WE DON’T TOUCH ANYMORE: The Power of Touch and Its Fall from Grace in the Pandemic
By – Eshna
Cue scene from a labour room.
The child emerges into the world, screaming and placenta-covered, and is at once thrust into the arms of the exhausted, spent mother, who cradles her child oh so gently, skin-against-skin.
This small moment, in addition to being emotionally sacrosanct, also has a wide variety of very real benefits. To the growing child, touch signifies attachment and helps in bonding. It even relays messages of security— a mother’s caress or a gentle squeeze makes the child feel safe and protected.
Doctors have time and again emphasised how important touch is for the optimal development of a child, saying that skin-to-skin contact between mother and the baby is extremely necessary for holistic growth.
A study done on Romanian children who had spent their formative years in institutional care where there was a stark lack of tactile stimulation turned out to suffer long term impacts—deficits in both emotion and cognition. Psychologists noticed the children were socially withdrawn, had blank facial expressions and were not adequately responsive.
Touch plays a critical role in life from the very beginning. It is the very first method of communication one learns, long before one acquires the skill for language. The benefits of touch are not just restricted to the developmental years. In fact, they’re life long, with people across all age ranges experiencing positive results of touch in a myriad ways, and permeate all aspects- physical, psychological, physiological and cognitive.
The human body is built to process touch.
Billions of cells and nerve endings are devoted to making sense of it. A warm handshake, a friendly hug, a lover’s intimate embrace— all of these everyday actions are processed by the body to release a variety of ‘feel good’ hormones like oxytocin. Touch builds immunity, reduces levels of cortisol, it even activates parts of the brain associated with empathy.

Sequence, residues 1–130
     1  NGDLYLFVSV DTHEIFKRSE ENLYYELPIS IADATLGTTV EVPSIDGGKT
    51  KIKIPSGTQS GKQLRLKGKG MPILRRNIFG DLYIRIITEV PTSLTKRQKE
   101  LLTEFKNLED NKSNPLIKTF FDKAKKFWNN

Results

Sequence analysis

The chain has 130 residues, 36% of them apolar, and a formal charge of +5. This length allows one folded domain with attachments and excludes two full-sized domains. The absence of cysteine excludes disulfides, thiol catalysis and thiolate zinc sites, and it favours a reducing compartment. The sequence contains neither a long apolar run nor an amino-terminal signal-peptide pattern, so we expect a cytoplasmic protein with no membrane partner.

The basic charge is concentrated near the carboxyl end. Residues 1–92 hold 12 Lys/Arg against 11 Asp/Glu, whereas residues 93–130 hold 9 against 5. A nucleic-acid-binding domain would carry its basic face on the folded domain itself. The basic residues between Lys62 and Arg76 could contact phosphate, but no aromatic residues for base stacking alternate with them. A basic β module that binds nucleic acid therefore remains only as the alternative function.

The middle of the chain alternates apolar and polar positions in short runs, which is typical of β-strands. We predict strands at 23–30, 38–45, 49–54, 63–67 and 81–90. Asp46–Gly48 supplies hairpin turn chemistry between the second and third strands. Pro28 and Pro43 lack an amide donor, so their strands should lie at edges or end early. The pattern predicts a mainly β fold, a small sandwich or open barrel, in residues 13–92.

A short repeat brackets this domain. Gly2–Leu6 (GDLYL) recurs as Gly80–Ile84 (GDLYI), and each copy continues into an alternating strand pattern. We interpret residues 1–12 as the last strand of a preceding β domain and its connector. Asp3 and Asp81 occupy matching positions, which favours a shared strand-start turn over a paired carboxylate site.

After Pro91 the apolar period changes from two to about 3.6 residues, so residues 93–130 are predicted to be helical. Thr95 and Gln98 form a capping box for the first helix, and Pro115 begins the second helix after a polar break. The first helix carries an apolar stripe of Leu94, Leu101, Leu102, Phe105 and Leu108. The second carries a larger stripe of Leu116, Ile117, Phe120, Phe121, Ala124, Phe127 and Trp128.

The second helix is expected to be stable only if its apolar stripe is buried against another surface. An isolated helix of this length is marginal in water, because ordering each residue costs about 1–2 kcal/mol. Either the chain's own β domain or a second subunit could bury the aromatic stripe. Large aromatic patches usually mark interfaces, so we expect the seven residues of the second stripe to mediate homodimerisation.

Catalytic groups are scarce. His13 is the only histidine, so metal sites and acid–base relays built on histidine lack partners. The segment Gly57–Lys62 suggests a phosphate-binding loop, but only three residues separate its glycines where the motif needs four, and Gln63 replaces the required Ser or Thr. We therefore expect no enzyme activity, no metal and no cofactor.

Touch is important to human beings on a fundamental level. The urge to touch, and be touched, is organismic. It is cellular.
Michelangelo once said, “To touch is to give life.”
Now, as the COVID crisis continues to grip the world in a cruel embrace and human beings have to shun all forms of physical contact, it seems that “to not touch is to preserve life” would be more relevant. Move over, Michelangelo.
Touch, once the basis for meaningful bonding and connection, is now heavily frowned upon. Handshakes have been replaced by distant nods. Grandparents now only get to fawn over their beloved grandchildren through window panes or phone screens. When I walk into the grocery store for my weekly grocery run, the other shoppers take a few steps away, distrustful eyes peering out at me from masked faces.
A friend of a friend, let’s call him D, who has been living and working alone in a foreign country for almost a year now, tells me he hasn’t been close to another human being in months.
“How does that feel?” I ask.
“I try not to think of it too much, but sometimes, it strikes me and I feel terrible. It almost feels like my body is aching. ”
D may very well be suffering from skin hunger, also known as touch deprivation, a condition that manifests itself in the absence of meaningful tactile stimulation.
Research shows that skin hunger or touch starvation has undeniable negative effects. It increases susceptibility to depression, anxiety and hampers the immunity. It also stimulates the release of cortisol, a hormone associated with the body’s ‘flight or fight’ response.
Anthony Fauci, director of the National Institute of Allergy and Infectious Diseases in the United States, is not fond of the idea of reintroducing the handshake. “I don’t think we should shake hands ever again, to be honest with you,” Fauci said during a Wall Street Journal podcast last month.
Some experts believe that some forms of greetings, like hugs and handshakes may never return, but rather, will be replaced by non-tactile variants like waves, nods and bows.
So, what is the future like for touch?
It goes without saying that social distancing norms will remain in place for some time to come. It is hard to imagine a future without bustling markets, teeming restaurants or roiling, lurching crowds in packed sports stadiums and concert halls, but human beings are and always have been resilient, adaptive creatures, and there is hope that we will find new, innovative ways to reintroduce joy and intimacy into our lives.